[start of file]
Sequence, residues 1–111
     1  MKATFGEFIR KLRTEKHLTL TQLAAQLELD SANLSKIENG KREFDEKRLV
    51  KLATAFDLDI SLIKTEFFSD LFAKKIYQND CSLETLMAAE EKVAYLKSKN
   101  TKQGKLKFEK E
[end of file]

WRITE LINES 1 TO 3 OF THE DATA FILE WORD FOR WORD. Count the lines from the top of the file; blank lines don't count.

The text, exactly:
Sequence, residues 1–111
     1  MKATFGEFIR KLRTEKHLTL TQLAAQLELD SANLSKIENG KREFDEKRLV
    51  KLATAFDLDI SLIKTEFFSD LFAKKIYQND CSLETLMAAE EKVAYLKSKN